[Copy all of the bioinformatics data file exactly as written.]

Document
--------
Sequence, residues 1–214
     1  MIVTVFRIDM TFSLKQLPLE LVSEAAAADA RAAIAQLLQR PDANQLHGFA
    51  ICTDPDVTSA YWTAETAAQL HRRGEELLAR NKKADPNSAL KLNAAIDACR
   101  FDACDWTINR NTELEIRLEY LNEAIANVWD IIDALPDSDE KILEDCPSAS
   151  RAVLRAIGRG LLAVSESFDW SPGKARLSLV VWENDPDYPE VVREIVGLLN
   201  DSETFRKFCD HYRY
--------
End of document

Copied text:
Sequence, residues 1–214
     1  MIVTVFRIDM TFSLKQLPLE LVSEAAAADA RAAIAQLLQR PDANQLHGFA
    51  ICTDPDVTSA YWTAETAAQL HRRGEELLAR NKKADPNSAL KLNAAIDACR
   101  FDACDWTINR NTELEIRLEY LNEAIANVWD IIDALPDSDE KILEDCPSAS
   151  RAVLRAIGRG LLAVSESFDW SPGKARLSLV VWENDPDYPE VVREIVGLLN
   201  DSETFRKFCD HYRY